As recently as eight months ago, I'd have told you I don't really care for fried chicken.
It wasn't so much that I disliked it, but rather I simply never felt it was worth the trouble. Certainly too much trouble to make at home. Even eating it out seemed more bothersome than it was worth, what with the greasy hands and bones and such. I recognized I was in the minority on this, but that's just how it went.
Then last October I got to play Tyler Florence's sous chef for a night. It was fun and delicious all around, but the transformative moment was when he fed me some of the fried chicken the rest of his team had been working on. I'd heard people rave about his fried chicken, a menu staple at his San Francisco restaurant, Wayfare Tavern. Nonetheless, I cautioned him that I didn't like fried chicken.
Except it was wonderful. Rich with rosemary and sage and salt and pepper. Crisped to perfection, yet moist and tender inside.
Suffice to say, I've spent far too much time since that bite trying recreate some approximation of it at home. And with time and many, many attempts — as well as some tips from Florence — I finally created a fried chicken that was delicious and memorable and crave-worthy. It's still a far cry from Florence's version, but I think it is honest to the spirit of it.
But there was a problem. The recipe was almost impossible to share. You see, part of what makes Florence's chicken so perfect is that he cooks the meat sous vide (basically a long, slow bath in moderately hot water) before it is deep-fried. I was actually so obsessed with this recipe that I enlisted my electrical engineer father to construct a sous vide cooker for me.
Trouble is, most people don't have sous vide cookers. And most people retain enough of their sanity to not buy or build one just for a fried chicken recipe. Hence, the difficulty in sharing the recipe, which also happened to take roughly five hours to produce enough chicken for six people.
So I went back at it and tried to find a workaround that lets the home cook use a similar two-step cooking method without requiring any special equipment. The solution ended up being poaching the chicken. Not quite the same, but still pretty great. This method also allows you to prep the chicken right up through the breading stage, then refrigerate it for up to a day before flash frying just before serving.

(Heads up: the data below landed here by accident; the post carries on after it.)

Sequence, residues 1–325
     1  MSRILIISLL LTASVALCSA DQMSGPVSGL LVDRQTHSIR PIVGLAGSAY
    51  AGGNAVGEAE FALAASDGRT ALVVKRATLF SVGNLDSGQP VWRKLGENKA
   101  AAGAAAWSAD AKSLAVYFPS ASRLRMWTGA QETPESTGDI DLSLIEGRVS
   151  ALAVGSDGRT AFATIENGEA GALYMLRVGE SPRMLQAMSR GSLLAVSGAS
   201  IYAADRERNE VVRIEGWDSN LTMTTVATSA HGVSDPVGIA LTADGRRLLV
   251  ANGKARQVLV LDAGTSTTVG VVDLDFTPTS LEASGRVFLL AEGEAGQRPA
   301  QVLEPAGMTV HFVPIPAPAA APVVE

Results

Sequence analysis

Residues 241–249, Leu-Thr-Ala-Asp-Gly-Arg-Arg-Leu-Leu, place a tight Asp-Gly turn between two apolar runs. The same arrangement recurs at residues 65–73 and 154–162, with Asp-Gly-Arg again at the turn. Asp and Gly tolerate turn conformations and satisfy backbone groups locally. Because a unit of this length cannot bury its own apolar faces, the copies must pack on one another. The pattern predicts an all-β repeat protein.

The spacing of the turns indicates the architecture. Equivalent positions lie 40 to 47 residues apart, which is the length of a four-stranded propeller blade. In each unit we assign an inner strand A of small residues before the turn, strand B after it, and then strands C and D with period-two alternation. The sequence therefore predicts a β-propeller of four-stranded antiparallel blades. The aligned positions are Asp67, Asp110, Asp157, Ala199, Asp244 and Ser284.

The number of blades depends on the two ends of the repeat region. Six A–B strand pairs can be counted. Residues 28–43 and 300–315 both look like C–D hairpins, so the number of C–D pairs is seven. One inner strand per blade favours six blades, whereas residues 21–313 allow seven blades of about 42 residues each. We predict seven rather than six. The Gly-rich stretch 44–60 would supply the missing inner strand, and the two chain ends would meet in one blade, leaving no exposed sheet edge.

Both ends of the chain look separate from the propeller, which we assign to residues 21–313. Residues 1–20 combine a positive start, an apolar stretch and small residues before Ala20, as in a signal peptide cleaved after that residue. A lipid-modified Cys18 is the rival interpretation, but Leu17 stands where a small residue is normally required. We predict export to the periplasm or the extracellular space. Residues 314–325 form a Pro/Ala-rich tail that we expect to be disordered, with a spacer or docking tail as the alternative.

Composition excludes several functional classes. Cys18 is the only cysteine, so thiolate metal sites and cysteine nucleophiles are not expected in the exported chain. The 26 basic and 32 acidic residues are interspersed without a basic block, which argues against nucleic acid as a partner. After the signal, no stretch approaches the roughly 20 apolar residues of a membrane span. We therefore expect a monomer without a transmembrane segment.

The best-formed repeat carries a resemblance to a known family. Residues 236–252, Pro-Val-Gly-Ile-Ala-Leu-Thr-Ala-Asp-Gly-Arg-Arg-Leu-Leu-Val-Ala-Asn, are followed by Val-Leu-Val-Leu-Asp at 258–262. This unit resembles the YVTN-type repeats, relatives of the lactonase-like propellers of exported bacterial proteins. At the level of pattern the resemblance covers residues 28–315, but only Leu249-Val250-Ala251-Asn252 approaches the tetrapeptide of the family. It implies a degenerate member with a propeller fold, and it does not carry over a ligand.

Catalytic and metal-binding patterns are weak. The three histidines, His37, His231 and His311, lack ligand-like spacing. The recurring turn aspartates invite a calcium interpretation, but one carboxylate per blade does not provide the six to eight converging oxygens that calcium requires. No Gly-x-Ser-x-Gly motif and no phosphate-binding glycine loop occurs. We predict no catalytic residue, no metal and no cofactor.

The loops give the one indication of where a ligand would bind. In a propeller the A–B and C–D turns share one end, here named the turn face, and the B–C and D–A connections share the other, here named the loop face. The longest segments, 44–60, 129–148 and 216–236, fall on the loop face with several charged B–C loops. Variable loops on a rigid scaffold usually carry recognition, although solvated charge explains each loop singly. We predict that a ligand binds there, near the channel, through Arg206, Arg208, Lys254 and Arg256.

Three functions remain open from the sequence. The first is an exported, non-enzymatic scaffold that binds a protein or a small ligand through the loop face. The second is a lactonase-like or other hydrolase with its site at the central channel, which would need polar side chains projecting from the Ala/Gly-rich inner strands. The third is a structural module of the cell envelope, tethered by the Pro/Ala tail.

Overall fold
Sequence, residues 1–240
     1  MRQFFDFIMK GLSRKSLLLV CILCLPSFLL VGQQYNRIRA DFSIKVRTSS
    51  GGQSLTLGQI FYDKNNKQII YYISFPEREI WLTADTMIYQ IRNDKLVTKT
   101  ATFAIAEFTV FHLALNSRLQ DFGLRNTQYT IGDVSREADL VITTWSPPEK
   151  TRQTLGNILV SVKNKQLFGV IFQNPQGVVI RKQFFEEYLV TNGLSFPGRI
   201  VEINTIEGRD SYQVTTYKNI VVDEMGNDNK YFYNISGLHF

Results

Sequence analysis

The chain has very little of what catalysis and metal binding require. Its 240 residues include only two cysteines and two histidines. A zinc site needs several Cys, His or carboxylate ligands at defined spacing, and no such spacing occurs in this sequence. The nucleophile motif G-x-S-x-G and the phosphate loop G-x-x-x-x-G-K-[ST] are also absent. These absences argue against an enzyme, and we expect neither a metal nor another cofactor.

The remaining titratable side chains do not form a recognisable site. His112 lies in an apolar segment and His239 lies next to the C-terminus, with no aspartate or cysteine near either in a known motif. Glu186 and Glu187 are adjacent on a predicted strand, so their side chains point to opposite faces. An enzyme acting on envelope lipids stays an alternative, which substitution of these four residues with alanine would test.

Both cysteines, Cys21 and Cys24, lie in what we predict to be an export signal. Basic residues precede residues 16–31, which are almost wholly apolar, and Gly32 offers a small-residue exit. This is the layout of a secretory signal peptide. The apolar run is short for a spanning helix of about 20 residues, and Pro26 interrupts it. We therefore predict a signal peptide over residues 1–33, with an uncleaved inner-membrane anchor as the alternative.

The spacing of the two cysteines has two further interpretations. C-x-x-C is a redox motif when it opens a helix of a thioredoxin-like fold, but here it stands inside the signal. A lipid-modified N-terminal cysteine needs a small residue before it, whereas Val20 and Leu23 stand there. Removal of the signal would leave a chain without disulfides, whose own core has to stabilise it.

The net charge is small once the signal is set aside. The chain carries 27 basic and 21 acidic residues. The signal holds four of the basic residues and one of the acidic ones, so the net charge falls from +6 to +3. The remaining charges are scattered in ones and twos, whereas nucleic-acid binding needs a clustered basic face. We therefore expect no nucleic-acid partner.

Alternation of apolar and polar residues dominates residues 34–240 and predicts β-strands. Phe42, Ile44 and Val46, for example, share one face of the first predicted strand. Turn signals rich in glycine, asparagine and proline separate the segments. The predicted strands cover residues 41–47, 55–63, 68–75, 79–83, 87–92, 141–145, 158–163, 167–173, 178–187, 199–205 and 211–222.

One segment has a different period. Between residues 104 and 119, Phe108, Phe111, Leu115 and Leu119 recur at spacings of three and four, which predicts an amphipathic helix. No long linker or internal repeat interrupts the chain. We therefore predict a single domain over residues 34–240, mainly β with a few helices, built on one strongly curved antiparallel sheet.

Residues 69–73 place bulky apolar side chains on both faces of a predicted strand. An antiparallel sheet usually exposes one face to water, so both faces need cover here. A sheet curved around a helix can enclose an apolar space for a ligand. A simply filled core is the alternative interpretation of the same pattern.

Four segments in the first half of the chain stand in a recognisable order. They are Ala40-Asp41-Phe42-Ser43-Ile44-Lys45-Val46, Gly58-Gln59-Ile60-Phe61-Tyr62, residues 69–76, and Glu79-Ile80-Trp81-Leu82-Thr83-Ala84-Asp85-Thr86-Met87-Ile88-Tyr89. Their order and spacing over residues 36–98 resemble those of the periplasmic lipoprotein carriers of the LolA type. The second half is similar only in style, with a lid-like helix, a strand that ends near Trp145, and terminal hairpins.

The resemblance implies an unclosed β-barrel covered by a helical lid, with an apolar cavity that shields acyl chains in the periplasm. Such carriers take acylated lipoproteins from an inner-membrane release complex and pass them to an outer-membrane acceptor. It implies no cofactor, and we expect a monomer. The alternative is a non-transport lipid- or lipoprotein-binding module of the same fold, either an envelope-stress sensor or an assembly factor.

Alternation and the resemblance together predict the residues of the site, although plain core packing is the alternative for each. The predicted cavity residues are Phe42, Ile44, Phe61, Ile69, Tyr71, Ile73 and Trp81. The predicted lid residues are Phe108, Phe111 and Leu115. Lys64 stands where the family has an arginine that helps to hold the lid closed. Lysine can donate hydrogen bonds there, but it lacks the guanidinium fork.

One important caveat. Though inspired by Florence's chicken, this is not his recipe. He helped me get the seasonings right, but it is by no means his. His is much better. But in the event you won't be able to make it out to his restaurant any time soon, this is a great chicken to make for yourself at home.
THE BEST FRIED CHICKEN YOU'LL EVER EAT AT HOME
Start to finish: 1 hour
For the poaching:
6 cups chicken broth
3 sprigs fresh rosemary, gently bruised
1 tablespoon lightly crushed black peppercorns
1/2 tablespoon kosher salt
3 pounds boneless, skinless chicken thighs
For the breading:
1 cup all-purpose flour
12 fresh sage leaves
2 large sprigs fresh rosemary leaves
1 teaspoon garlic powder
2 tablespoons chopped fresh thyme
2 teaspoons kosher salt
1/2 teaspoon ground black pepper
3 cups panko breadcrumbs
1 cup buttermilk
3 eggs, beaten with 1 tablespoon water
1 quart peanut oil
To poach the chicken, in a large saucepan combine the broth, rosemary, peppercorns and salt. Bring to a bare simmer, then add the chicken thighs. Return to a simmer, then cover and cook, adjusting the heat as needed to maintain just below a simmer, for 15 to 20 minutes, or until the meat reaches 165 F.
Meanwhile, prepare the breading. In a food processor, combine the flour, sage, rosemary, garlic powder, thyme, salt and pepper. Process until the seasonings are finely ground and mostly undetectable. Transfer the mixture to a gallon-size plastic bag. Place the panko in a second gallon-size plastic bag.
Once the chicken has finished poaching, transfer the thighs to a cutting board. Let cool until easily handled, then pat dry.
Place the buttermilk in a wide, shallow bowl and the beaten eggs in another similar bowl.
One at a time, soak each thigh briefly in the buttermilk then remove, shaking off any excess, and place in the bag with the flour mixture. Gently shake the bag to lightly coat the thigh. Remove the thigh from the flour mixture, then dredge though the eggs. Remove the thigh from the eggs, shaking off any excess, then place in the bag with the panko. Gently shake to coat. You may also need to pat the panko onto the meat.
Set the fully breaded chicken thigh on a rimmed baking sheet. Repeat with the remaining thighs. If toward the end your panko becomes too moist to coat the thighs, add a bit more to the bag.
Once all of the chicken is breaded, you can either proceed with the recipe and fry immediately, or cover the baking sheet with plastic wrap and refrigerate for up to 1 day.
When ready to fry, heat the oil in a large, deep saucepan over medium-high heat to 400 F. You will need a fry or instant thermometer to monitor the temperature. Also, heat the oven to 200 F.
Once the oil reaches temperature, carefully set 2 thighs into the oil at a time and cook, turning once, for 10 to 15 seconds, or until golden brown and crunchy. Use tongs or a slotted spoon to transfer the fried chicken to a clean rimmed baking sheet and set in the oven to keep warm. Allow the oil to return to 400 F, then continue cooking the chicken in batches.
J.M. Hirsch is the food editor for The Associated Press. He blogs at http://www.LunchBoxBlues.com and tweets at http://twitter.com/JM_Hirsch